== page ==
“Uh, want to… go to a coffeeshop or something?” the driver said. “By the way, my name is Nathan, this here,” he said, gesturing to the person who had been in the passenger seat, “is Jason, and this,” gesturing to the third person, “is Alexis. She’s our bassist, I’m the guitar player and singer, and Jason is our drummer. We’re a band.”
Hannah and I shook everyone’s hand, introduced ourselves, and agreed to go to a coffeeshop. They offered to take the van, still billowing steam, but Hannah said she’d prefer to walk.
We wandered around the city for a while until we found someone else on the street and asked them where we could find a cafe. She pointed us in a direction and we headed out. Two blocks later, we walked through the doors and ordered our drinks. I got an Americano and the others ordered lattes and stuff. I didn’t usually drink coffee, but enjoyed it. Pretty good, although I guess it should’ve been, given that it cost four dollars. Hannah’s cost six, but I covered it because I figured I owed it to her after how much she helped me, for a total of ten dollars.
We hung out at the coffeeshop for about half an hour, then parted ways. Nathan remained profusely apologetic throughout the entire time, offering to cover the bill, but I told him it wasn’t necessary, not a problem. They told Hannah and I that they were a pretty new band from a nearby city that was hoping to play a show here and gain some notoriety. Nathan wrote out two tickets for us to get into the show for free, if they managed to schedule one. Hannah and I thanked them, then walked back to the hospital parking lot, and she drove me back to the hotel.
By then it was about three in the afternoon, and I still hadn’t contacted anyone about selling some of my product. Ah well. With the amount I had with me, once I started selling, I wouldn’t need to worry about how long it took, I’d be made.
Oddly enough, though, I didn’t feel like redosing once I was back at the hotel. It was time to, but I… didn’t really have much motivation to. I decided to head out again and see if I could find a pub. I hadn’t had a drink in… Well, a long time, at the very least. Thought it might be worth trying out again.
Thirty minutes later, I was sitting on a stool at the bar, ordering a double IPA from one of the many bartenders working there who all looked strangely… the same. It had been the same thing at the coffeeshop, all workers were dressed identically, all about the same age, size, and build. They even shared some facial characteristics.
Of course, I had also seen a bat flying around the room at the coffeeshop, so I’m not sure how much of that was actually true. It was unnerving, though, not being sure if I was talking to the same bartender or a different one. Maybe they were all siblings? Maybe it was family-owned. Sure, that was probably it.
But how would they all be about the same age…? I decided to not bother to think about it and just drink my IPA. It was pretty good. I asked the bartender – or, at least, one of them – where it was from. He said it was brewed in-house. I ordered another.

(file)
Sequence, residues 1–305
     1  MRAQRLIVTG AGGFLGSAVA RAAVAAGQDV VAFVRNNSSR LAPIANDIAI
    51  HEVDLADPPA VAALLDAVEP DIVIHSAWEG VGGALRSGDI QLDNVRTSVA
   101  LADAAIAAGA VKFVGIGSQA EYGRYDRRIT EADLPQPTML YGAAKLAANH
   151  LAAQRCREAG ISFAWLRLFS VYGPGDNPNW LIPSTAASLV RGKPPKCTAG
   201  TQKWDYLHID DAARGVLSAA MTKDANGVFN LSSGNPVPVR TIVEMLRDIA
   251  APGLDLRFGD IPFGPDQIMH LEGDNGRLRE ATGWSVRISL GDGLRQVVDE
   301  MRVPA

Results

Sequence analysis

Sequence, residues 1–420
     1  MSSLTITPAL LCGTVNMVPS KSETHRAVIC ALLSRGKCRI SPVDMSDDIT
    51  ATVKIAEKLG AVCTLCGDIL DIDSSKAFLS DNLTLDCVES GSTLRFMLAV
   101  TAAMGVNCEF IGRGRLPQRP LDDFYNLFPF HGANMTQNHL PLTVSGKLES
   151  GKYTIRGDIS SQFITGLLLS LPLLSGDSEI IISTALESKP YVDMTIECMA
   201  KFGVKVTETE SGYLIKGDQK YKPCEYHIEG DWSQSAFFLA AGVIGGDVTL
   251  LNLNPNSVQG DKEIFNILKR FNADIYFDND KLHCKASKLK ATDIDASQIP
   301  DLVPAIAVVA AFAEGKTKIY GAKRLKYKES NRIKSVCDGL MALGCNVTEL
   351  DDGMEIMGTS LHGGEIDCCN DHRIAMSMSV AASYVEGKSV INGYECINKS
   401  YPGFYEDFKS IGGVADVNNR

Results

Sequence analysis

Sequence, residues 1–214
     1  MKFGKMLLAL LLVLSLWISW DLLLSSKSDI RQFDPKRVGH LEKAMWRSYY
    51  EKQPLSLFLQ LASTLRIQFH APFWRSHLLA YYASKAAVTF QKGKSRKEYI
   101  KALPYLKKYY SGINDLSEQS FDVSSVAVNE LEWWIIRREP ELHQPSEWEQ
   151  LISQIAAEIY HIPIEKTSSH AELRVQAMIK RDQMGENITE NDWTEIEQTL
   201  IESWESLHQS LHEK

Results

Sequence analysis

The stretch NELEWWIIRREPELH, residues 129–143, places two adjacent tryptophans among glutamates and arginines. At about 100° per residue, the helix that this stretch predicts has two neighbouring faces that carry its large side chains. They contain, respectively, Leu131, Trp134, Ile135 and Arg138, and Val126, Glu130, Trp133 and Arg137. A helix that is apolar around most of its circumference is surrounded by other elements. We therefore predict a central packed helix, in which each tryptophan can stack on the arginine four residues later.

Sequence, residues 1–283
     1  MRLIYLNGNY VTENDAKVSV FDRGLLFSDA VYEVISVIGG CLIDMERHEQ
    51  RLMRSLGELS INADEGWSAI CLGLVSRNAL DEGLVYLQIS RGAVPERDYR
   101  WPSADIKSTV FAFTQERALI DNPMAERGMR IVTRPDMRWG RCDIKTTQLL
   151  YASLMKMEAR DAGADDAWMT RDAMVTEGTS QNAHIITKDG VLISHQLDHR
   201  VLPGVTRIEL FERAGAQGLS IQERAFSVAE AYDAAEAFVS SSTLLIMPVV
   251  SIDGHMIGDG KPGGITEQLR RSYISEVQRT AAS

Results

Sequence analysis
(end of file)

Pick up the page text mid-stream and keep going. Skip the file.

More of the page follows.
Being unable to drive is a bit of a gift in and of itself. You have an excuse to never drive, especially when you’re intoxicated enough that you wouldn’t be able to anyway. Not that that would’ve been necessary, the bar was pretty close to the hotel.
Four time-warped hours later, I made my way back to the hotel. Still silent, still unnerving. The bartender told me that the drinks were on the house with a smile I’m not entirely sure if I liked or not. The smile kinda slackened and melted off of his face, which I think would be enough to make anyone dislike it.
I was disliking that hotel more and more. Just too quiet, too dead. I suddenly wondered where Hannah and the band members were staying in the city. It was the only hotel I had seen here. Were they staying there as well, and I just had somehow missed them coming in?
I didn’t know, and I didn’t care. I was sure I’d find out at some point. It was still pretty early, but it turned out I had more to drink than I had intended and was rather tired. I only had four – five? six? – beers. How many? Hmm. More than I intended, anyway. It was good beer. Brewed in-house in the one brewery in the city. Hmm. They had a bit of a monopoly on beer. Damn good beer.
Somewhere in the midst of this train of thought, I fell asleep.
Frederick Simmons walked through the early dirt main street of Desmond, MA. He was dressed smartly in trousers, shirt, coat, and cravat. His tricorn shielded his eyes from the midday sun.
He held something in his left hand, and a shovel in his right. He was counting his footsteps and keeping an eye on the sun. He had to get it in just the right place. It was important.
He stopped. There was a line in the dirt a distance away. He closed one eye and made sure he was in line with it, then made a circle in the dirt below him and began digging.
He was digging for almost two hours before he finally stopped, the hole about four feet deep. He dropped the thing that he had kept clenched in his left hand up until then into the bottom of the hole, then began piling the dirt back on top. Once that was finished he brushed away at the area around it to make it blend in some and returned the way he had come. The pieces were falling, literally, into place.